Inducing Autophagic Cell Death by Nsp5 of Porcine Reproductive and Respiratory Syndrome Virus

Research Article

Austin Virol and Retrovirology. 2015; 2(2): 1014.

Inducing Autophagic Cell Death by Nsp5 of Porcine Reproductive and Respiratory Syndrome Virus

Liping Yang¹, Rong Wang1,3, Zexu Ma¹, Yu Wang¹ and Yanjin Zhang1,2*

¹VA-MD College of Veterinary Medicine, University of Maryland, USA

²Maryland Pathogen Research Institute, University of Maryland, USA

³Laboratory Animal Center, School of Medicine, Xi’an Jiaotong University, China

*Corresponding author: Yanjin Zhang, VA-MD College of Veterinary Medicine, Maryland Pathogen Research Institute, University of Maryland, College Park, USA

Received: October 04, 2014; Accepted: November 09, 2015; Published: November 10, 2015


Porcine Reproductive and Respiratory Syndrome (PRRS) leads to severe economic losses to the swine-producing industry. Many unclear questions remain on pathogenesis of PRRS virus (PRRSV), including the mechanism of PRRSV-induced cell death. In this study, we cloned and expressed a PRRSV non-structural protein, nsp5, and discovered that it induced cell death in cultured cells. The nsp5 protein localized in cytoplasm and majority of the protein concentrated in perinuclear region. Along with extension of incubation time, the nsp5 tended to form puncta and polarized besides nucleus. An interesting observation was that the nsp5 expression induced cell death. Cell viability assay showed that the cells with nsp5 expression had over 2-fold more cell death than cells with empty vector. Further study indicated that the nsp5 induced cell death via autophagy. Treatment with 3-MA, an autophagy inhibitor, blocked the nsp5- induced cell death. These results suggest that nsp5 might play an important role in PRRSV-induced cell death. Further examination on the mechanism is warranted.

Keywords: Porcine reproductive and respiratory syndrome virus; PRRSV; NSP5; Autophagy; Cell death


Porcine Reproductive and Respiratory Syndrome Virus (PRRSV) is a positive-sense single-stranded RNA virus in the family of Arteriviridae, Order Nidovirales [1]. The other members of the Arteriviridae include equine arteritis virus, lactate dehydrogenaseelevating virus, and simian hemorrhagic fever virus. PRRSV causes a contagious viral disease of pigs which is characterized by reproductive failure in sows and respiratory disease in pigs of all ages, which leads to an estimated $664 million in losses per year to the swine-producing industry in the USA alone [2]. The genome of PRRSV is a little over 15 kb in length with over ten Open Reading Frames (ORFs) [3-5]. The genome is composed of replicas genes located at the 5’-end, followed by genes encoding structural proteins. ORFs 1a and 1ab encode long polypeptides that are cleaved into individual Non-Structural Proteins (nsp), nsps 1-12, including proteases, a helicase and the RNAdependent RNA polymerase. ORFs 2-7 encode structural proteins: E, GP2, GP3, GP4, 5a, GP5, M and N.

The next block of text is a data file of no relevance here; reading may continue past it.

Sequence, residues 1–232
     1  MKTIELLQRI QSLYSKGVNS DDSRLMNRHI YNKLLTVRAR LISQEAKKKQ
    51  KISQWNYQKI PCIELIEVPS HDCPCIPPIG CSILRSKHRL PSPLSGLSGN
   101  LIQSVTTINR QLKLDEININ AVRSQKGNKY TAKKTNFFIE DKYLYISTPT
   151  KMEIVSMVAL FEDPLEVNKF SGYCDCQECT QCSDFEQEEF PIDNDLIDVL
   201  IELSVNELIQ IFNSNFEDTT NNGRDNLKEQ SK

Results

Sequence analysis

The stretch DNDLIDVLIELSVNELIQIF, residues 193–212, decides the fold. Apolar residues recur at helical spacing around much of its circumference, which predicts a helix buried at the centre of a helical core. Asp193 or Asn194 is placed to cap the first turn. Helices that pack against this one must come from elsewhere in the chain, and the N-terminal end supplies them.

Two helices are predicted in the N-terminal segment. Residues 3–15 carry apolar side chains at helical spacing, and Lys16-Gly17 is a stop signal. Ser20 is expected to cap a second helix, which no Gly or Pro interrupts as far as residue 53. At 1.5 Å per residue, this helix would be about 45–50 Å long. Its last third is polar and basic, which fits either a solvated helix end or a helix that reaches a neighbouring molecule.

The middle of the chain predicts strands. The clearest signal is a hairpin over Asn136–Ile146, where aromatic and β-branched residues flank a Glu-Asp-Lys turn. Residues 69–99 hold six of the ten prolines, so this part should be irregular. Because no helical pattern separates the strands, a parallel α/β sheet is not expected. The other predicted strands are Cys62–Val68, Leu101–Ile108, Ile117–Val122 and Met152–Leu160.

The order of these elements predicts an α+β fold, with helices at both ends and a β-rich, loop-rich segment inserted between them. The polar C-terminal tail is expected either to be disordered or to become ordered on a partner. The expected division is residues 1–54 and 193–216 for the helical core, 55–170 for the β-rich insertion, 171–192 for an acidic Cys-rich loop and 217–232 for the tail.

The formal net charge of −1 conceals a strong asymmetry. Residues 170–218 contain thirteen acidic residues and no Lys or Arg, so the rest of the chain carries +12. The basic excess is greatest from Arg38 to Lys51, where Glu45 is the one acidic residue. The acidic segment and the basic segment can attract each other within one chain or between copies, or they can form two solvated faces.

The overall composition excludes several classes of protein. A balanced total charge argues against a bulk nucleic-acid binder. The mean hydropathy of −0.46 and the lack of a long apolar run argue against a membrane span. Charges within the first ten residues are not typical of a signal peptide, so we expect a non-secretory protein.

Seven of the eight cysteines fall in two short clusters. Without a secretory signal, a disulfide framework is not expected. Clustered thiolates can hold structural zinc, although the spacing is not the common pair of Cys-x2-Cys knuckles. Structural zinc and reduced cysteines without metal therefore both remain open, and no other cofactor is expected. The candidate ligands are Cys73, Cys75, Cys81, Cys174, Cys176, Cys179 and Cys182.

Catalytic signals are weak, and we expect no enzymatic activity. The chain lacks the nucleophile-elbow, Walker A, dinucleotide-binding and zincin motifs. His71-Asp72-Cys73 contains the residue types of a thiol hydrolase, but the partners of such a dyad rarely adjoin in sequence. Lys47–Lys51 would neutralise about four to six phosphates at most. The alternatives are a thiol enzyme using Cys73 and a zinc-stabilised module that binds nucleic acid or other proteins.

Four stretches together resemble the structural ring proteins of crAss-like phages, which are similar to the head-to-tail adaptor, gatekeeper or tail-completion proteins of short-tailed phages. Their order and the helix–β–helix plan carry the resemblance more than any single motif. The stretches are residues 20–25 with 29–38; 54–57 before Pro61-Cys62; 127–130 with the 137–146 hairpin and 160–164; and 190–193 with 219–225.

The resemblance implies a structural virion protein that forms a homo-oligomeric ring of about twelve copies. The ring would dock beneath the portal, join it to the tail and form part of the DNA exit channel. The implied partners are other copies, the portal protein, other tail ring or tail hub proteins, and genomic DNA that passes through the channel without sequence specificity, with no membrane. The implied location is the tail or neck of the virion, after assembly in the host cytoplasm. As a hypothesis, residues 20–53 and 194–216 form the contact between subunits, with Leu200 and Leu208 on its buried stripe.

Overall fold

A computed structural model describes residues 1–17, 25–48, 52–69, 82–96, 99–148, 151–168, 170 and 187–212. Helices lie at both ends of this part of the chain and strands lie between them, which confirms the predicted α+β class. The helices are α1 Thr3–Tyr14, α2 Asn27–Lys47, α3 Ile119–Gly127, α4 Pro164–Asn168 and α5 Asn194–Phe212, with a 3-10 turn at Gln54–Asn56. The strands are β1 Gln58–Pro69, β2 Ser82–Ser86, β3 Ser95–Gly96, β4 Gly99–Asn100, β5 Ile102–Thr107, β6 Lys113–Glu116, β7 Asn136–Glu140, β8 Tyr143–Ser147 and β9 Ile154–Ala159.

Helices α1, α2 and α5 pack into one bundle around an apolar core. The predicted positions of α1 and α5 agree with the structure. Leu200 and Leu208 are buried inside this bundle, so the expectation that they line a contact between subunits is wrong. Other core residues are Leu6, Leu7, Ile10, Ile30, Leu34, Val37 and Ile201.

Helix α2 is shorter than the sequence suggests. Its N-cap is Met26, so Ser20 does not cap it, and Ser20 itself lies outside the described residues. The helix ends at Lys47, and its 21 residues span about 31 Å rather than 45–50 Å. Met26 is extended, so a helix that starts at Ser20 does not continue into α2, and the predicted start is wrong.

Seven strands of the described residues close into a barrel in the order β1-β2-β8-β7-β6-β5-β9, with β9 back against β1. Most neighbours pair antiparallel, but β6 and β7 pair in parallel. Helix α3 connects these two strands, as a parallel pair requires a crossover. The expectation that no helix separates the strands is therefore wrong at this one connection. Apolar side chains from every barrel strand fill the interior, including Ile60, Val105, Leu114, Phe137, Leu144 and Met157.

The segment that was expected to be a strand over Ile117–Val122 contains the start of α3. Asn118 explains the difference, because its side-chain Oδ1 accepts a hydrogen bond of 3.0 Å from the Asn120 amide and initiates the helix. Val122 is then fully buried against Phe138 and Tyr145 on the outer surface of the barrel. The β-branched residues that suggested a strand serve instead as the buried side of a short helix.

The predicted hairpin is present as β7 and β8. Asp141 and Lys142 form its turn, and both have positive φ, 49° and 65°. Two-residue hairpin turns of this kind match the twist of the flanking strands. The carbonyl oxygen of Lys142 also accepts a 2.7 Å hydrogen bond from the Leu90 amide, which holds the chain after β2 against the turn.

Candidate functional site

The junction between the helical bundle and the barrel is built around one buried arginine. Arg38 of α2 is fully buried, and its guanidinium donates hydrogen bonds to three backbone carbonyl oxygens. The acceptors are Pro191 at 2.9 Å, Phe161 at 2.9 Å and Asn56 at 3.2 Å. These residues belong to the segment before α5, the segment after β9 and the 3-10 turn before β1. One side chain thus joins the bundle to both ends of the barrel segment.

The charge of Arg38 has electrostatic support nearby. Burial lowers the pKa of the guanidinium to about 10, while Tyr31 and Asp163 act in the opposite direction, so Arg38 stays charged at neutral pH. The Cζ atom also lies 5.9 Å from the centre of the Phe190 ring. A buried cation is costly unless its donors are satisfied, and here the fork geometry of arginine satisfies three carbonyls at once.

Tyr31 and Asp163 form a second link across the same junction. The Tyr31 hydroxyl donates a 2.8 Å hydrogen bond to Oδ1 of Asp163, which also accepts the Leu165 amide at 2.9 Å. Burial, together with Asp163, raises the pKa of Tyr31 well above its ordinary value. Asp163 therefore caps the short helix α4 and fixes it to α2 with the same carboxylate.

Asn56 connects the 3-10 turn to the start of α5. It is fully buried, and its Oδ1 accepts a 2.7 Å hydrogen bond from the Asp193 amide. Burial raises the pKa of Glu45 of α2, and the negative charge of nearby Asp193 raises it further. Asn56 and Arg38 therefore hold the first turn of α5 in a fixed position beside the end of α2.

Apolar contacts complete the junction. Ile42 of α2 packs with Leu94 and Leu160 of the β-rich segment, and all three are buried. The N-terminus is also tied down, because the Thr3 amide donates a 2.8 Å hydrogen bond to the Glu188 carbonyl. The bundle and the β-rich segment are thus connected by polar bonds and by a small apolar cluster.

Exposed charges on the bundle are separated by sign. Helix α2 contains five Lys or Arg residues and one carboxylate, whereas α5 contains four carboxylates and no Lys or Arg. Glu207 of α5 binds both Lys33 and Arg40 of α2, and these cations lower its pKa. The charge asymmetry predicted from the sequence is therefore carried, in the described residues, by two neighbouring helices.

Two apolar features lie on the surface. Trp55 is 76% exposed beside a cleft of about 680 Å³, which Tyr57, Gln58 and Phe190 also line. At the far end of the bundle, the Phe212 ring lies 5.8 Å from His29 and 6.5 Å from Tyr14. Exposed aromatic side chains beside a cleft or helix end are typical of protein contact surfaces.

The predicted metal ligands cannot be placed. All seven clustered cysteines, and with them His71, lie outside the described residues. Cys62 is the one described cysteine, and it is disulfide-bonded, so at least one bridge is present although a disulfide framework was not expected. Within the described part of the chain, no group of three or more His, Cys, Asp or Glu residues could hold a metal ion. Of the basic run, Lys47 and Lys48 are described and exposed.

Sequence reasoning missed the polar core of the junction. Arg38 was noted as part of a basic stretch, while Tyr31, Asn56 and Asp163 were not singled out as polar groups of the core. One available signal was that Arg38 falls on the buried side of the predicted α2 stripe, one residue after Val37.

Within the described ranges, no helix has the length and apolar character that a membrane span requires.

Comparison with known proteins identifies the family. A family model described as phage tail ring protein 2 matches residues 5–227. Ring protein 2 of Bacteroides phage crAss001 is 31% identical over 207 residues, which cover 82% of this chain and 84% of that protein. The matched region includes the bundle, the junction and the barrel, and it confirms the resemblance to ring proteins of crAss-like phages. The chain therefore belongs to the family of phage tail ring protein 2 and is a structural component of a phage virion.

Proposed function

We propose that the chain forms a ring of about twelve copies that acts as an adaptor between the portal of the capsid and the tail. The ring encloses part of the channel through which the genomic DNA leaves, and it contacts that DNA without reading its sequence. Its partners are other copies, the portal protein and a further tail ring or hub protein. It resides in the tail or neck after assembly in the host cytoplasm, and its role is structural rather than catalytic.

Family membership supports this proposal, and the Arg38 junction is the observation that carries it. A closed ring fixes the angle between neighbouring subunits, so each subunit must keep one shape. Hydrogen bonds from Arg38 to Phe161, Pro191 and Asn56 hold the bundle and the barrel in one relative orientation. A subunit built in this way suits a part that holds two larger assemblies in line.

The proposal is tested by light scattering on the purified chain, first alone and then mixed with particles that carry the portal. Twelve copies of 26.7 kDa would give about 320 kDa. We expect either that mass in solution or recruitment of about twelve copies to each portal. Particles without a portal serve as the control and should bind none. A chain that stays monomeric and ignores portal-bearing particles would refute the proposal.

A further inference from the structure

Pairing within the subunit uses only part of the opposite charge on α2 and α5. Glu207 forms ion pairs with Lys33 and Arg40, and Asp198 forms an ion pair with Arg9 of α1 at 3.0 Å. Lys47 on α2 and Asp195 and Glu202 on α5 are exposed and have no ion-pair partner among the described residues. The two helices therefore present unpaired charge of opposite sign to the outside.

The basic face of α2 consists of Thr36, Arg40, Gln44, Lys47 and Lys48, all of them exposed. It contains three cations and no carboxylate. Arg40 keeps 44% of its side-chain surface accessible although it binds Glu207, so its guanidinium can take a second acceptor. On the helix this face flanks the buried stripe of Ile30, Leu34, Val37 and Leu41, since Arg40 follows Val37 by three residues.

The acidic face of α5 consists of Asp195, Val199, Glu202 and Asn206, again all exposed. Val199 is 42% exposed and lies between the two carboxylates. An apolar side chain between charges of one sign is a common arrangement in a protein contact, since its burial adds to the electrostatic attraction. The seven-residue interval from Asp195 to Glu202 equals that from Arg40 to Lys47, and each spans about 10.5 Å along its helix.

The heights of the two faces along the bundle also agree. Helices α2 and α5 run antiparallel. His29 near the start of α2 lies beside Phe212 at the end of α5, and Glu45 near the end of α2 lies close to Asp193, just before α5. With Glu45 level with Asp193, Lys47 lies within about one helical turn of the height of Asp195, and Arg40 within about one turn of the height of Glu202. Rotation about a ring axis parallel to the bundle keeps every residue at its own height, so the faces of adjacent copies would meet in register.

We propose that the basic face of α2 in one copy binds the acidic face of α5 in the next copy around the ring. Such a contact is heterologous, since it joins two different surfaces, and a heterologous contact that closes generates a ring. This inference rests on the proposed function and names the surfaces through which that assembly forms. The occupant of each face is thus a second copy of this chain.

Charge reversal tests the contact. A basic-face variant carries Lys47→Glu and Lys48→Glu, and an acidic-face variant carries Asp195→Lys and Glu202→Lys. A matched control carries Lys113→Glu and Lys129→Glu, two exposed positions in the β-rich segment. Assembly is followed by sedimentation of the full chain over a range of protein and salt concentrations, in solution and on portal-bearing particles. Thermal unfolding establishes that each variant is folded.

Nsp5 is predicted to be 170 amino acids encoded by ORF1a and its predicted molecular mass is 18.9 kDa [6,7]. Nsp5 and several other nsps have been implicated in the induction of interferon-? and possibly in cell-mediated immune response [8]. Nsp5-7 was shown to cause autophagy in a similar way to nsp6 of corona viruses [9]. But the exact function of nsp5 in PRRSV replication or pathogenesis is unknown. The objective of this study to determine the expression pattern of this protein and its effect on cell viability. We discovered that nsp5 locates in cytoplasm in perinuclear region. It tends to polarize besides the nucleus along with extension of culture time. Cell viability assay showed that nsp5 causes cell death. Treatment with 3-MA rescued the nsp5-induced autophagic cell death. These results indicate that nsp5 might play an important role in PRRSV pathogenesis.

Materials and Methods

Cells, transfection, and chemicals

HEK293T, HEK293 and HeLa cells were maintained in Dulbecco’s Modified Eagle Medium (DMEM) supplemented with 10% Fetal Bovine Serum (FBS). Transfection of the cells with plasmid DNA was performed by using FuGene HD (Promega, Madison, WI), according to the instructions of the manufacturer.

3-Methyladenine (3-MA), an inhibitor of autophagy, was used to treat cells with nsp5 expression at 5 mM.


The nsp5 sequence was PCR amplified and cloned to vector pCAGEN (Addgene plasmid# 11160) with HA-tag at N-terminus and VenusC1 vector as previously reported [10,11]. All primers used for plasmid construction were listed in Table 1. All constructed plasmids were subjected to DNA sequencing to confirm the inserts.